"21 AUGUST, 2019 BY FLOODLIST NEWS IN AFRICA, NEWS UN Office for the Coordination of Humanitarian Affairs (UN-OCHA), reports that recent flooding in Sudan has affected an estimated 171,700 people with further heavy rainfall forecast. Sudan's Humanitarian Aid Commission has reported 54 related deaths, mainly due to collapsed roofs and electrocution. In total 22,634 homes have been destroyed and 11,702 damaged. UN-OCHA said that the states affected include El Gezira (11,450 affected), Gedaref (14,850), Kassala (19,235), Khartoum (11,840), North Darfur (11,580), North Kordofan (3,355), Red Sea (10,315), River Nile (3,775), Sennar (10,095), White Nile (66,485), South Darfur (7,700), East Darfur (200), West Darfur (5,800), Northern State (1,000), South Kordofan and the Abyei Area (1,200).
White Nile State is among the worst hit, with an estimated 66,485 people affected, 4 fatalities, 10,517 homes destroyed and 2,780 damaged. In North Darfur 10 fatalities were reported with 1,161 homes destroyed and 1,155 damaged. Seven people have died in North Kordofan State; fifteen in El Gezira State. Eight deaths were reported in River Nile State in El Damar, Atbara,Berber, Abu Hamad, El Matama and Shendi localities.
The Flood Observatory maintains a Global Active Archive of large flood events, 1985 to present. New major flood events are entered into this archive each week. A hand-drawn GIS polygon for each event outlines the region affected.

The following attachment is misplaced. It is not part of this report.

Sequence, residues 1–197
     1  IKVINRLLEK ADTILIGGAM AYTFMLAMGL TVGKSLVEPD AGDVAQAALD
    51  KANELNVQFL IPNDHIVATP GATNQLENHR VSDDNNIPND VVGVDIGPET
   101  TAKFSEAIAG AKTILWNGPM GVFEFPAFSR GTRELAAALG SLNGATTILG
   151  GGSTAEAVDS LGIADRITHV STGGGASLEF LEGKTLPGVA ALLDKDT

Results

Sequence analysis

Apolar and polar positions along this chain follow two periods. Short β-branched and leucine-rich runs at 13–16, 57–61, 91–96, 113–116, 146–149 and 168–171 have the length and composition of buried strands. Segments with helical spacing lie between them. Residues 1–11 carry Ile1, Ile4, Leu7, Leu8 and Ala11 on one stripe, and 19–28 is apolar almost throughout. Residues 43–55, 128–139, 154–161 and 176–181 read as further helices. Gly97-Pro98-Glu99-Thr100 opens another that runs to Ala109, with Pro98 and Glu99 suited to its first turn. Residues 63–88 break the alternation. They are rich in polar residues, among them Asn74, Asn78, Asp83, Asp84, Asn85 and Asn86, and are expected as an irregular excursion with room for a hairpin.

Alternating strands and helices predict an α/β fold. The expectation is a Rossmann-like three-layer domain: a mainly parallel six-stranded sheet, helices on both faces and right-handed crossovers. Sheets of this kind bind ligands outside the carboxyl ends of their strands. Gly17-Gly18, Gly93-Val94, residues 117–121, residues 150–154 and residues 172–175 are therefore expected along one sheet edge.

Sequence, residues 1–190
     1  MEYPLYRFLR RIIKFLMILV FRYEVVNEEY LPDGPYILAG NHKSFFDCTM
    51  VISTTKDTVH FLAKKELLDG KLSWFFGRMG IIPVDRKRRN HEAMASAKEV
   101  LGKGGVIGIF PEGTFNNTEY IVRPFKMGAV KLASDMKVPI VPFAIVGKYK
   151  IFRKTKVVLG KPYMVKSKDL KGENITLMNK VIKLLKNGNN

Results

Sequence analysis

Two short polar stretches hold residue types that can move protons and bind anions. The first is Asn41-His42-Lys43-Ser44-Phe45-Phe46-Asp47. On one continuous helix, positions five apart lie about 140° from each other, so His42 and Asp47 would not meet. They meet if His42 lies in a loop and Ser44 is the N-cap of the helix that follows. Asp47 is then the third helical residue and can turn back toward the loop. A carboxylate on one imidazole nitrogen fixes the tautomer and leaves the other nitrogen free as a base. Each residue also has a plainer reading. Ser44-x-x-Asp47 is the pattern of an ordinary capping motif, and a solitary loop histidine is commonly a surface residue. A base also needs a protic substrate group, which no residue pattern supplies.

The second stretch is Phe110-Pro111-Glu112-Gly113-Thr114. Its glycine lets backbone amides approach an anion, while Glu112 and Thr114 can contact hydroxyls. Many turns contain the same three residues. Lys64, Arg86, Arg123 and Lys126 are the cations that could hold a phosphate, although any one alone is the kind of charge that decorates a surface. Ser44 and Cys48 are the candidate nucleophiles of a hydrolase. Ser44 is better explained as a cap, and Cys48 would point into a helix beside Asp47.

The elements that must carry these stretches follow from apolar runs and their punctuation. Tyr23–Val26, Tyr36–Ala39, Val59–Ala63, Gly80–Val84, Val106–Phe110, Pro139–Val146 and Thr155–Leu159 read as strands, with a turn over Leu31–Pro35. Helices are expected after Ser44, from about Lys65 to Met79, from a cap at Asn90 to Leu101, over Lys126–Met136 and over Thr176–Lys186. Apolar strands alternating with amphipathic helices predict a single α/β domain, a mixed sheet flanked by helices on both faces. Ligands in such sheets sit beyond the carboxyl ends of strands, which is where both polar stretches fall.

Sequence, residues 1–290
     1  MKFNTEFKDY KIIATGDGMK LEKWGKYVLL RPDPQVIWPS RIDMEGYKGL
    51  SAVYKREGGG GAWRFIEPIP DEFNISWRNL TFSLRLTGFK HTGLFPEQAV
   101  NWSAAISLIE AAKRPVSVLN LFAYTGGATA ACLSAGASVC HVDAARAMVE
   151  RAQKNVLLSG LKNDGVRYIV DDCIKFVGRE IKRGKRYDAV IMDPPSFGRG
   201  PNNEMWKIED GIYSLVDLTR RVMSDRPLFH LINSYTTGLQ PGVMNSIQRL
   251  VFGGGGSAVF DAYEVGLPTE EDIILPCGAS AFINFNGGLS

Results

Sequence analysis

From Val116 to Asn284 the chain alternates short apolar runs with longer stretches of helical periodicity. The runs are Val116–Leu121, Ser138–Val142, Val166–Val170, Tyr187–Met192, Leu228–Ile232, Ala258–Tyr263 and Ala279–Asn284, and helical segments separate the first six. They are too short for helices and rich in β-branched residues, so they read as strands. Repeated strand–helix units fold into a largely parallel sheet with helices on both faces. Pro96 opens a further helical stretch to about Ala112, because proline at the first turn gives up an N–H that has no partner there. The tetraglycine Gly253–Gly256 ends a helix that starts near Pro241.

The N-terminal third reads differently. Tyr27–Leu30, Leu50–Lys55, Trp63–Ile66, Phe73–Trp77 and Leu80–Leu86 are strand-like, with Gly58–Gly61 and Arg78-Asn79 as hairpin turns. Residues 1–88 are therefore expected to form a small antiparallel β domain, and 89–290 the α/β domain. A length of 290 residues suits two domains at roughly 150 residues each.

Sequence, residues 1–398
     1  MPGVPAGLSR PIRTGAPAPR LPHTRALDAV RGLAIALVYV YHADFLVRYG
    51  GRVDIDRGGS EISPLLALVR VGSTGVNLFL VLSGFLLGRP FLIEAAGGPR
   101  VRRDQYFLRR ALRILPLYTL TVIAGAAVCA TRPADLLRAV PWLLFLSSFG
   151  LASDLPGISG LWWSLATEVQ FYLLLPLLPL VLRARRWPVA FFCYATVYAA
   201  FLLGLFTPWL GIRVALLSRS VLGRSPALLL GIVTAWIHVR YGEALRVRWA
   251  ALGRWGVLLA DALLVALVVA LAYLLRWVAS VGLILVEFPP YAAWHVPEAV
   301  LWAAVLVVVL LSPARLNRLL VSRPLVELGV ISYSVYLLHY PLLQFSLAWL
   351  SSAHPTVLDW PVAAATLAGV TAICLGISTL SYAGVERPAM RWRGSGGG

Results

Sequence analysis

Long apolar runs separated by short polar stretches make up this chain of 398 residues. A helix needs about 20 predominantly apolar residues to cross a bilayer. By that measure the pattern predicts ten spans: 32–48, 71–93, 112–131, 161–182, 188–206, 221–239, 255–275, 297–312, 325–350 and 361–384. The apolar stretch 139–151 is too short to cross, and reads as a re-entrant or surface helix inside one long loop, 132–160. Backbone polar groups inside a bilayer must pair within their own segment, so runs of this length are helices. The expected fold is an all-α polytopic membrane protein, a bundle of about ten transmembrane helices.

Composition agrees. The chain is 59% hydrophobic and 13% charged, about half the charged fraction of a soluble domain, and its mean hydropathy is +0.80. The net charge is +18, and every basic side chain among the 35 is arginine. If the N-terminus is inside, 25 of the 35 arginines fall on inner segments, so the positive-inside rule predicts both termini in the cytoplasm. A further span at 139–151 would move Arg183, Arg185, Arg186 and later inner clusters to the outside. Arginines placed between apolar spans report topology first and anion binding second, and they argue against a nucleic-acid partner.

This event was selected for Observatory production of map and GIS data products.This web page and associated image and map (GIS) files become the permanent Flood Observatory record of the flood.
As part of collaborations with other organizations, including
GEO and the Global Flood
Partnership, the Observatory's maps are made available here to the public.
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(see below) provided to DFO from other sources, please acknowledge original
NASA Landsat 8 and Copernicus/ESA Sentinel SAR data if used in this map were obtained from the the U.S. Geological Survey Hazards Data Distribution System. and the Sentinels Science Data hub, respectively. Landsat 8 is jointly managed by NASA and the United States Geological Survey. Copernicus is supported by the European Commission. MODIS data are obtained from the NASA NRT Global Flood Mapping facility (surface water extents) and from NASA Worldview (image files); SUOMI/VIIRS image data are also retrieved from NASA Worldview.
Flood extent files (Shp or Mapinfo) supporting this Flood Event Map are located here.
These files may include high spatial resolution mapping such as from Sentinel or Landsat, or lower resolution files from MODIS. File names commonly include the sensor source (e.g., S1 for Sentinel 1, LS8 for Landsat, MODIS, Aqua, or Terra for MODIS) and the image date.
The NASA Earth Sciences Program, the Latin American Development Bank, the World Bank, the European Commission's Global Disaster Alert and Coordination System, GDACS, and Copernicus Emergency Management Service, the Google Earth Engine research awards program, the Committee on Earth Observation Satellites (CEOS) Disasters Working Group-Flood Pilot, the Japanese Space Agency, and the European Space Agency all have supported the Observatory's work via research grants and contracts or free satellite-derived data.
The Dartmouth Flood Observatory was founded in 1993 at Dartmouth College, Hanover, NH USA and moved to the University of Colorado, INSTAAR, CSDMS in 2010. Its operation depends on continued grant and project support. Gift contributions can be accepted. If your organization uses these data and maps, please consider becoming a partner and helping to sustain this effort. The institutional support of both universities is gratefully acknowledged.
(counting since August 24, 2019)